MENDOCINO Co., 10/13/20 — On Tuesday evening, tonight, the Fort Bragg City Council will consider how to create new regulations for growing cannabis to accompany its existing rules that govern both retail dispensaries and processing/manufacturing of cannabis products.
The Oct. 13 council meeting will be held by Zoom at 6 p.m.
A council subcommittee has presented a plan that suggests the council consider allowing cannabis cultivation in all inland industrial parcels zoned industrial, rather than just those north of Pudding Creek, as had been the original plan.
The council began working on plans for cannabis cultivation regulation in January 2018. In June 2019, the council gave direction to staff to develop an ordinance to allow and regulate commercial cannabis growing.
“Several factors delayed said ordinance, including the withdrawal of a development application for a proposed commercial cannabis cultivation project (Root One Botanicals), staffing changes in City Hall, and the challenges involved with the associated environmental document, pursuant to the California Environmental Quality Act (CEQA),” the staff report for Tuesday night’s meeting states. Root One Botanicals launched the first cannabis processing facility in Fort Bragg, located in the industrial area on the north end of Franklin Street. Two cannabis retail dispensaries have been launched this fall in Fort Bragg.
The plan under consideration sets a target date of April 2021 for implementation. The plan, as suggested by the Community Development Committee, suggests that no sales tax, or additional taxation specifically for cannabis, be collected. “Standard fees, as identified by the City’s Fee Schedule, in addition to fees associated with building permits as determined by Mendocino County will apply,” the report states.
The staff report states it would be appropriate to be found exempt from the California Environmental Quality Act (CEQA).
“Staff has determined that environmental review should be conducted on a project-by-project basis to accurately assess the environmental impacts of each proposal. The adoption of the proposed ordinance does not allow construction of any building or structure or establishment of a new land use, but sets forth the regulations that shall be followed if and when a building, structure or land use is proposed to be constructed or a site is proposed to be developed,” the staff report states.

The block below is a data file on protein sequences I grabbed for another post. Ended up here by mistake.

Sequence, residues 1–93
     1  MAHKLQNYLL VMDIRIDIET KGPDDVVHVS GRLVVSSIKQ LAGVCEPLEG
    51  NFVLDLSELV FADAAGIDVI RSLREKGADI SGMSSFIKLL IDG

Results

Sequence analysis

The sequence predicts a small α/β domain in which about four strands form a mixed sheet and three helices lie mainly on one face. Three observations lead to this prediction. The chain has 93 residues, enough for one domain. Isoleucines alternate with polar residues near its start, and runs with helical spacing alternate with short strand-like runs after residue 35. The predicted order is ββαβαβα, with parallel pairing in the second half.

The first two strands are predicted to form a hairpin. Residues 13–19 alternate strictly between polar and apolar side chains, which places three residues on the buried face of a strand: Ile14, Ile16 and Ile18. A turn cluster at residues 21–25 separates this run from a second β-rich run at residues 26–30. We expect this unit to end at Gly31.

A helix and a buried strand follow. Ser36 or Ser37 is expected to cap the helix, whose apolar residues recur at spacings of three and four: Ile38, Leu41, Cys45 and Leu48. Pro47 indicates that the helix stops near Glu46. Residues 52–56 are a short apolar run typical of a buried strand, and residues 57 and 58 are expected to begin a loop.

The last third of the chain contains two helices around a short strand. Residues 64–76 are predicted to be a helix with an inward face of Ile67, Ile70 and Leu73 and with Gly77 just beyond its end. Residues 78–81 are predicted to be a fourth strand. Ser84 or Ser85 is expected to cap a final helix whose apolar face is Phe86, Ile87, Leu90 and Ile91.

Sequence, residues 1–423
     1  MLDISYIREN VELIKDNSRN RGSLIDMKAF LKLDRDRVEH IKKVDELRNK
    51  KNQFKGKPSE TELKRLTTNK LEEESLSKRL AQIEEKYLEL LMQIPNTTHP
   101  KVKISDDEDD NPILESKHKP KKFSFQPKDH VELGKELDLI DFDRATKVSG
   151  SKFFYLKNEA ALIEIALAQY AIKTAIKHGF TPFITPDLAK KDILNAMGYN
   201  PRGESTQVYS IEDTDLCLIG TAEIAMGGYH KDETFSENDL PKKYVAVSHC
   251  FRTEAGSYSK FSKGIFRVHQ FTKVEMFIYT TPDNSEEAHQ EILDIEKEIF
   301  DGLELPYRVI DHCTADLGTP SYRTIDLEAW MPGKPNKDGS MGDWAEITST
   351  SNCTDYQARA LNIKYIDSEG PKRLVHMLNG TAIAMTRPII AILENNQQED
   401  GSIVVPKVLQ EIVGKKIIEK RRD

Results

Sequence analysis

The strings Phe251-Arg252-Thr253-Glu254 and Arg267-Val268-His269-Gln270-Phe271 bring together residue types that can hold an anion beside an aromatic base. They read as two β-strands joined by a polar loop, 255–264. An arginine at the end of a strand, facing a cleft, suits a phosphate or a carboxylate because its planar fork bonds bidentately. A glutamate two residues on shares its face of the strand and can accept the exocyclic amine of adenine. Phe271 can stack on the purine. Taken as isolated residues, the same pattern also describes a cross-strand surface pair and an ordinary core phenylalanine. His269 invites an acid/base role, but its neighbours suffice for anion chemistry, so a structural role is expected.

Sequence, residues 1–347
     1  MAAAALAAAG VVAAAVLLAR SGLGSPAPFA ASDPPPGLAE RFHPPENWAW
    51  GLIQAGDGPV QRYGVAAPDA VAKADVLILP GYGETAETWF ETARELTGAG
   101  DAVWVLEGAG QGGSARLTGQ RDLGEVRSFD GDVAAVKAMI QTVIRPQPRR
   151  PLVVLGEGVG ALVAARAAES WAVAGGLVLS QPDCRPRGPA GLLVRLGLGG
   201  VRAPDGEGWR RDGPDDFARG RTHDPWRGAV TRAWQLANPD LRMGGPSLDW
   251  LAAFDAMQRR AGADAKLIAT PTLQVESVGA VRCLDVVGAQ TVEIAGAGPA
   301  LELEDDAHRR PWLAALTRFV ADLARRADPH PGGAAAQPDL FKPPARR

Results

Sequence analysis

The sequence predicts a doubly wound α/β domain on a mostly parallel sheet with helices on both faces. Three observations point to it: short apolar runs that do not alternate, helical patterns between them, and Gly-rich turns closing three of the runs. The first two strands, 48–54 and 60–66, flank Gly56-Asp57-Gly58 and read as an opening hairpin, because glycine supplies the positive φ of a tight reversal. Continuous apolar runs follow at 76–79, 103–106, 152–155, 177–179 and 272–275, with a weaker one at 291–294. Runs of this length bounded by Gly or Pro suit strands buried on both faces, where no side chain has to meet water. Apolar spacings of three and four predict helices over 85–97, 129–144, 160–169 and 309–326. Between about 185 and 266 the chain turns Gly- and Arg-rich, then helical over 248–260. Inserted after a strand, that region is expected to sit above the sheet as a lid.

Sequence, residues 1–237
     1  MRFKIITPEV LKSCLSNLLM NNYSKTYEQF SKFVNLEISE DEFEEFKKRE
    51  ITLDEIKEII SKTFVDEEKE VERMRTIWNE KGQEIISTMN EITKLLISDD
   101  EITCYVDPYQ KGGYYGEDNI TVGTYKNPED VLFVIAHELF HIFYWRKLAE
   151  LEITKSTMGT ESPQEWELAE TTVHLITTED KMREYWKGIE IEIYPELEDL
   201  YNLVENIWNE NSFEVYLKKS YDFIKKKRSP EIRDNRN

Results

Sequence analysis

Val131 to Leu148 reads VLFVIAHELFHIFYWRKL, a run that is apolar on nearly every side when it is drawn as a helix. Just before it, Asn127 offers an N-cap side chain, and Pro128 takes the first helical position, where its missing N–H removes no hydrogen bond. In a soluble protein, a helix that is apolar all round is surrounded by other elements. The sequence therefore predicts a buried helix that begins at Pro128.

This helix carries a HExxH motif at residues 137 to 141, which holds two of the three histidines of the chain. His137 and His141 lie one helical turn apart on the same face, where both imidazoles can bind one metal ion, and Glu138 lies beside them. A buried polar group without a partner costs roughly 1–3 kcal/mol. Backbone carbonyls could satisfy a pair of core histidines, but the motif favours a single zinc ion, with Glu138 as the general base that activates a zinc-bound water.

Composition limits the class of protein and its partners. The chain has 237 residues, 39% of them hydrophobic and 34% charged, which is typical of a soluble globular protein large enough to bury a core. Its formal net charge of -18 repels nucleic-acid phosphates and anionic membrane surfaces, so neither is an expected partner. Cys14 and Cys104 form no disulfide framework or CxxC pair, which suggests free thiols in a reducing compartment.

Water is identified as the key environmental issue created by cannabis cultivation in the report.
“Cannabis cultivation, similar to other agricultural land uses, is a high-water user and therefore may have individual or cumulative impacts on the City’s water supply. The individual and cumulative impacts on the City’s water supply will in part depend on whether well water is available for cultivation uses.
The availability, quantity and quality of well water is unique to every property and therefore, are appropriate for a site-specific evaluation. In order to address the specific impacts of cannabis cultivation in the City, staff is proposing that a water supply assessment be required as part of the use permit application submission to ensure the potential impacts to water supply are adequately addressed,” the report states.
Staff is suggesting that a request for proposals be circulated so that a private contractor can prepare the ordinance for the cannabis cultivation.